Claire Sterling

The Mafia … A Far Deadlier Menace than the Red Brigade

VTR Date: February 11, 1990

Guest: Sterling, Claire


Host: Richard D. Heffner
Guest: Claire Sterling
Title: “The Mafia…A Far Deadlier Menace than the Red Brigade”
VTR: 2/11/1990

I’m Richard Heffner, your host on THE OPEN MIND. Several times lately we’ve made reference on this program to Europe’s common market, and to the fact that in just two years Western Europe’s internal boundaries will largely disappear, making for economic and other seen changes that will impact mightily upon us all. Perhaps, it is suggested now, in no area more surprisingly and devastatingly than the illegal international drug trade. With customs barriers totally down, passport controls a thing of the past, police roadblocks made even more futile, we are warned, in what today’s guest has written, that in 1992 the Sicilian Mafia will be free to move its men, merchandise, and dirty money throughout Western Europe without further hindrance. It will then be hopelessly beyond the law’s reach unless it is dealt with as the international affliction it is by all the countries it has penetrated or corrupted in passing.

Yet my guest has now compiled an astounding doomsday book, a veritable encyclopedia of Sicilian Mafia drug connections dating back particularly and most effectively over four decades, that makes it seem highly unlikely that the point of no return has not already been reached; even before the common market’s 1992 further dissolution of Europe’s internal trade barriers.

Claire Sterling, author of W.W. Norton’s new Octopus, the Long Reach of the International Sicilian Mafia has joined me several times before on THE OPEN MIND. From her perspective as an American foreign correspondent based in Italy for four decades, she has written extensively about international terrorism, about KGB involvement in the plot to kill the Pope, now about that long reach of the international Sicilian Mafia. And I want to begin by asking her why this hasn’t long since been her or others’ major theme. Why not, Ms. Sterling?

STERLING: I think that it’s one of those things like other things I have touched, but to a much more serious degree, something so big and frightening that people back off it. They don’t want to know. They really find it not only troubling, but difficult to believe; that there could exist such a tightly organized, hermetically sealed, rigidly disciplined criminal society as the Mafia is. And there are still people today who therefore, who say there is no such thing. The Mafia today…after…the United States, the Commission, the governing body, has…in a body been convicted…as a Commission of the Mafia in the United States; and after 362 top leaders of the Sicilian Mafia have been convicted in an Italian court, describing in detail the obsessive criminality of this organization, its sophistication, its understanding of the uses of power; not just its obsession with money, but its obsession of money and power together, each one feeding the other. It’s a hard thing to take in, especially since it’s a hard thing to defeat. And therefore, rather than face the challenge of trying to defeat it, it’s easier to look the other way.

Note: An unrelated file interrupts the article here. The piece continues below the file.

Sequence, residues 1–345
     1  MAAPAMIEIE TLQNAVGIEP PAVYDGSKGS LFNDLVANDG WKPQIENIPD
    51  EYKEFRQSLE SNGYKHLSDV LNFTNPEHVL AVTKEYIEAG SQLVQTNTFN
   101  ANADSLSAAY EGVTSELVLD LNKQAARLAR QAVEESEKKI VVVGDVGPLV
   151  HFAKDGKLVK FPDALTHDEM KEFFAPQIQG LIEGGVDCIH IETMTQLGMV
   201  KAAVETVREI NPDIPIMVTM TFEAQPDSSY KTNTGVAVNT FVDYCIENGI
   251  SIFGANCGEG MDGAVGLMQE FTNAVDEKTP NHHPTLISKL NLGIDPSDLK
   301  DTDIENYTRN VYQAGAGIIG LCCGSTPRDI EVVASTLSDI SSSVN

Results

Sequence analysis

HEFFNER: Which leads me, of course, to ask you whether you think it…not whether it will be defeated, but whether it can, indeed, be defeated.

STERLING: You know, I’m not sure. I think it could be if there is in the very near future a tremendous awakening to the nature of the problem, which so far, alas, we haven’t seen. It’s interesting, that just in these days, weeks, the Anti-Mafia Commission of the Italian Parliament sent a report to the United Nations Secretary General saying the Sicilian Mafia is now out of control. It’s a problem of such global dimensions and of such frightening concern, that the United Nations must try to mobilize international forces; all the countries involved who are victims or potential victims in order to try to block it. We in Italy can no longer do so by ourselves. Now, you know, I don’t know how many people are aware of the fact that this is the authoritative body of the Italian Parliament, which has been studying this phenomenon in Italy for the last twenty years, and has now reached this conclusion. If that kind of appeal is taken note of, if it’s possible in this next two years, let’s say, for the countries of the common market to wake up to the true dimensions of the problem; and to harmonize their police forces, to establish a common political will, which is the most important thing; to educate the public sufficiently to the nature and danger of this organization, it should be possible to contain it. There are ways to do it. There are ways to track its money. Although, a trillion dollars a day goes in and out of the United States by Telex, or other electronic means; a day. It is still possible for U.S. Customs, or other U.S. authorities…they have done it in the last year…possible to track…they have tracked one organization laundering 1.2 billion dollars, of Narco-Dollars, for the Columbians and the Sicilians…tracked in the United States, and it has lead to Europe, and it has lead around the world. That’s an example in microcosm of what could be done. In this case they did have seven or eight countries working with them. However, whether it’s possible politically to achieve that kind of resolution, and the sacrifice of a certain amount of sovereignty on the part of each country, the exchange of information by jealous police forces; a willingness to submit to a common rule on how to behave; and to harmonize sufficiently police methods to deal with this problem; I don’t know if it’s possible. It is not to be ruled out as utterly impossible. That’s the best I can say.